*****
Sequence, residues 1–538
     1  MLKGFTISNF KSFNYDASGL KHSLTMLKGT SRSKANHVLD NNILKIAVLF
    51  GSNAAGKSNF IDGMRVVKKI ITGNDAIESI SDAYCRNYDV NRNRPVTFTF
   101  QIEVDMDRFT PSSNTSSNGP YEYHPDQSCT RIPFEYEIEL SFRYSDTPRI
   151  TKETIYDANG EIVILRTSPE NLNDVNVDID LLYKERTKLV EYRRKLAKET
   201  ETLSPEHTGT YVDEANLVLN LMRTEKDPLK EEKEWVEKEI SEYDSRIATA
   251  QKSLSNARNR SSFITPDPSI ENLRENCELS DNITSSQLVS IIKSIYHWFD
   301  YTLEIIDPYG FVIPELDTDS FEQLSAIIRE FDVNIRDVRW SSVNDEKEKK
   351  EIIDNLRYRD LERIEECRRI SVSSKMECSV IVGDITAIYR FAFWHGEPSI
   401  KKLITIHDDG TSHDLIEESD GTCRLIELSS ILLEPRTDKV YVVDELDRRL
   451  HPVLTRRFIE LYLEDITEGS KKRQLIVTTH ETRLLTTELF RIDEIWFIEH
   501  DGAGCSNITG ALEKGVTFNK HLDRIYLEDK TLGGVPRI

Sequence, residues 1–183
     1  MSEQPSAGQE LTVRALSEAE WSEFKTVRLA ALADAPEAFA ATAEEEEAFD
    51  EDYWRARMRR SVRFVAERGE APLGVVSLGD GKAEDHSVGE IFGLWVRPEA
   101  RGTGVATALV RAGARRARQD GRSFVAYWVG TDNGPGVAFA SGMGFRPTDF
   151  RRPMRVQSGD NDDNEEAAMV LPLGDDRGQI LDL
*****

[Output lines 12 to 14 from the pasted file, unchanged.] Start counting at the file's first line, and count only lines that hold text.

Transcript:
   501  DGAGCSNITG ALEKGVTFNK HLDRIYLEDK TLGGVPRI

Sequence, residues 1–183
     1  MSEQPSAGQE LTVRALSEAE WSEFKTVRLA ALADAPEAFA ATAEEEEAFD